In the Song Dynasty, Putian of Fujian Province produced over 1,000 jinshi, which means “Presented Scholars,” more than any other region in the country. 


While traveling around, they also served as promoters of Mazu. The “Goddess of Meizhou” therefore enjoyed a good reputation elsewhere. Through systematic remolding by cultural elites, Mazu was transformed from a plain, simple fisher girl into a merciful, upright deity. 

 

Neo-Taoist influence
Neo-Taoism, which emerged from the convergence of Confucianism, Buddhism and Taoism, also had a bearing on the incorporation of Mazu into the national deity system. Neo-Taoism is an umbrella name for Taoist schools. 


Originating from the grassroots, they were concerned with the real world and cared about the suffering of the people. Meanwhile, they embraced Confucian ethics and Buddhist doctrines, stressing self-reliance and frugality. They were not only influential in folk society, but garnered the support of intellectuals. 
 

Valuing self-cultivation in the present, Neo-Taoism maintained that the karma of this life would determine the fate in the underworld and the next life, so ordinary mortals should do as many good deeds as possible to accumulate merit. Only in this way would they be likely to become immortal. If they wanted to avoid the “six-path incarnation,” immortals could descend to the world to cultivate themselves and then return toheaven.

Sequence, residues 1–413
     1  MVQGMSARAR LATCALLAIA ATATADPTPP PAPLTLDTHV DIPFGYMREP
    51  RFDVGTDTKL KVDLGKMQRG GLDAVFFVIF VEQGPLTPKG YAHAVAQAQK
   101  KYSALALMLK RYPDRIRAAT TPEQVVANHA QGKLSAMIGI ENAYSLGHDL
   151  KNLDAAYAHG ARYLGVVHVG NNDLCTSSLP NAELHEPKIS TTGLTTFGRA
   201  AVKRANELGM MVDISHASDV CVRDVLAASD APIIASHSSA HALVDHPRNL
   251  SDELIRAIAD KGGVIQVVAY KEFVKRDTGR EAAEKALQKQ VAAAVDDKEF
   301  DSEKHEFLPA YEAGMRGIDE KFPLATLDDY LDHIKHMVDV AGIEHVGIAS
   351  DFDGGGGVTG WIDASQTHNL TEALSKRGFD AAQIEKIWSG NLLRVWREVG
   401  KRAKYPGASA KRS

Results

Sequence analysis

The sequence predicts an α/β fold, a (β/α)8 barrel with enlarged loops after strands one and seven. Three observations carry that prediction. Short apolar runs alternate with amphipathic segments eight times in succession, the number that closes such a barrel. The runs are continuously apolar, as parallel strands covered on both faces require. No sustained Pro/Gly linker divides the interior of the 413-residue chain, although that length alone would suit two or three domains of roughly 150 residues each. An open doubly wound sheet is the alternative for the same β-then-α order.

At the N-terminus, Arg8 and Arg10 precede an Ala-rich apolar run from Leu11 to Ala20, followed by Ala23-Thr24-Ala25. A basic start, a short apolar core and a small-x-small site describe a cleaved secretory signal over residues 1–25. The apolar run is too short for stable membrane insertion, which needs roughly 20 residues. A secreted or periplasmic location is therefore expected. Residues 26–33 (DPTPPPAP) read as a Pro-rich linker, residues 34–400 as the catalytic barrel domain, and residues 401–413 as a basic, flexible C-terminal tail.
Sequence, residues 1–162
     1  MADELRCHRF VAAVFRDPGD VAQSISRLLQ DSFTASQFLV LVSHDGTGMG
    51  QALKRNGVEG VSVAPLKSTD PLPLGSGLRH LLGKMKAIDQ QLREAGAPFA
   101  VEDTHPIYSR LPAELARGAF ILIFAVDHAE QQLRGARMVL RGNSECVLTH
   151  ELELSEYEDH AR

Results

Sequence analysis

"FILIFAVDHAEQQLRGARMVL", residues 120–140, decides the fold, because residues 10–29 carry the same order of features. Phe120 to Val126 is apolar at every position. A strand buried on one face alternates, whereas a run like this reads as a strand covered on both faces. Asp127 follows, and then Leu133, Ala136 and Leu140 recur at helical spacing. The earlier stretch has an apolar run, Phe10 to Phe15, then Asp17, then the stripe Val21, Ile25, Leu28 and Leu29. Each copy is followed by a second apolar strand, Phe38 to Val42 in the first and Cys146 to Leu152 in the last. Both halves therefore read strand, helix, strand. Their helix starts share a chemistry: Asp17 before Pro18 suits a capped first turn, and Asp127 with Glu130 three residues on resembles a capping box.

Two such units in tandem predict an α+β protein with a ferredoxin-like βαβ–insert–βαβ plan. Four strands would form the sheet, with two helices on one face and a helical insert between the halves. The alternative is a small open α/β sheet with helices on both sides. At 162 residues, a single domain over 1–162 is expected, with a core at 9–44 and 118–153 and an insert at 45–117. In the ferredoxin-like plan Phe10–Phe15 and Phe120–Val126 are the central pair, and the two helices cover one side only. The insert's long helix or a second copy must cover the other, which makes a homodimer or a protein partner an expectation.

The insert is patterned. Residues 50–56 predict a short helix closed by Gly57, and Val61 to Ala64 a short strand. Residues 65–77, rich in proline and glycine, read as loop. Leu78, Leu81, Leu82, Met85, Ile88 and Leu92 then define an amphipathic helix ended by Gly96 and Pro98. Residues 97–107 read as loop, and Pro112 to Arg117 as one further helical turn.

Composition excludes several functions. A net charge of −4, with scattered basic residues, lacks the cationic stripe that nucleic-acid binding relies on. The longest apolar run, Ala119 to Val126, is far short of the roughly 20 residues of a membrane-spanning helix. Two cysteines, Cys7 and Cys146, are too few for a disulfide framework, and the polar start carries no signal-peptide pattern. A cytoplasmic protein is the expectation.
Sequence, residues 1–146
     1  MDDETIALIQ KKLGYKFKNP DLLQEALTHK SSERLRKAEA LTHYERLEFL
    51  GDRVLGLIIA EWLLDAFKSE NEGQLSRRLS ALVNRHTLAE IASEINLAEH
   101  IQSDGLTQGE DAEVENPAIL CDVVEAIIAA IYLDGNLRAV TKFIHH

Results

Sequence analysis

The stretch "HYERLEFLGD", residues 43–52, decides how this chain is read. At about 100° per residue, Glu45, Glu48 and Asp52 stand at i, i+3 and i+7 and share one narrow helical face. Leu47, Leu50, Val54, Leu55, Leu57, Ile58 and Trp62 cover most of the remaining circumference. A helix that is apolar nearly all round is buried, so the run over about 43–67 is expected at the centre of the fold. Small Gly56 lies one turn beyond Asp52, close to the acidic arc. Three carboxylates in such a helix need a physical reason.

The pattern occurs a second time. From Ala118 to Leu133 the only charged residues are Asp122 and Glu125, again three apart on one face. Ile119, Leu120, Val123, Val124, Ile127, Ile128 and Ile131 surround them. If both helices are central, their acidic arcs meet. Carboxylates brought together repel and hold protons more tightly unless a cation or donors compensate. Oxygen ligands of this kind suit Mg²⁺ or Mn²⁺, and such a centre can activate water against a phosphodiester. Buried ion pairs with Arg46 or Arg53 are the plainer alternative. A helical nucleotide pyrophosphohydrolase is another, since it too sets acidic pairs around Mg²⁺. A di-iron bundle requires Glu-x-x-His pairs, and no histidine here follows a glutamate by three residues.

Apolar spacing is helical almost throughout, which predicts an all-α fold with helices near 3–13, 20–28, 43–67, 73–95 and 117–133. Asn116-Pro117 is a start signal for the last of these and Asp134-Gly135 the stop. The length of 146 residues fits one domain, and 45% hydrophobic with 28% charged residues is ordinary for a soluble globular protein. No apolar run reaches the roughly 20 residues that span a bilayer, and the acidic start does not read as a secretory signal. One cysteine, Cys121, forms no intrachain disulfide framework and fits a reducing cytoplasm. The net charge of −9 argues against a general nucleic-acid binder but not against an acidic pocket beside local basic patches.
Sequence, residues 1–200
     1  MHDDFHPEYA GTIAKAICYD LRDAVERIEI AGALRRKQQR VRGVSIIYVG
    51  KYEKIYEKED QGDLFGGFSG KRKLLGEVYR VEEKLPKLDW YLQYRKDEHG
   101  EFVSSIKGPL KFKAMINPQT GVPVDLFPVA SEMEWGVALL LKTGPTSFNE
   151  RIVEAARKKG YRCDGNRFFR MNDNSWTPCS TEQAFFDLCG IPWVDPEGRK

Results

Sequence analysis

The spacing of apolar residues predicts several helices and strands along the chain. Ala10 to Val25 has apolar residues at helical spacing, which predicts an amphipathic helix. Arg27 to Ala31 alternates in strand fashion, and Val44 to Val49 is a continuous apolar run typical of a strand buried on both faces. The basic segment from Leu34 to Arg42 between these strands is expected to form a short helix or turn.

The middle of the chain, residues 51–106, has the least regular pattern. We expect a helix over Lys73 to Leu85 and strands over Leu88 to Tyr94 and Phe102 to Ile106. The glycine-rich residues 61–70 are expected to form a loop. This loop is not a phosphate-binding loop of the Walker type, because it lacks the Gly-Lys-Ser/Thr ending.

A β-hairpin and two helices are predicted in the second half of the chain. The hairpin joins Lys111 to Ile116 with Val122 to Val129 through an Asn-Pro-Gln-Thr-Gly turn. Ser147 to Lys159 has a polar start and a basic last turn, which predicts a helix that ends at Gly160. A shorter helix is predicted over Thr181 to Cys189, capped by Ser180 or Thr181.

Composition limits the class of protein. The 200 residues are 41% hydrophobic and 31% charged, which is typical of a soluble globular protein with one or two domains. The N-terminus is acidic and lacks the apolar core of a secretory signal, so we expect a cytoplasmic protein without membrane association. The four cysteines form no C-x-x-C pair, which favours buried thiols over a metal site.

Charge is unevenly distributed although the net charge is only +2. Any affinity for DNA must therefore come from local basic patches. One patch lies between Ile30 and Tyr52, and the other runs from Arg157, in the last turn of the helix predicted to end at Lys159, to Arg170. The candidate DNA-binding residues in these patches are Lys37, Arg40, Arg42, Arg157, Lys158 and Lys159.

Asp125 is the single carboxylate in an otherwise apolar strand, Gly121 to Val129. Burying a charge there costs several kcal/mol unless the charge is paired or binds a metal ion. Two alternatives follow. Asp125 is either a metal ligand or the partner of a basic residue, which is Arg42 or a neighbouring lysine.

This ideology had a solid ground among the people. In some colloquial stories and novels, Mazu was interpreted as the daughter of a celestial being. To relieve the suffering of the common people, she was reincarnated on earth and then went back to the immortal world after fulfilling her mission.
From the historical perspective, Neo-Taoism was a product of social conflict. It not only catered to the needs of the masses for comfort in the midst of turbulence but also integrated Confucianism into the imaginary cosmic order.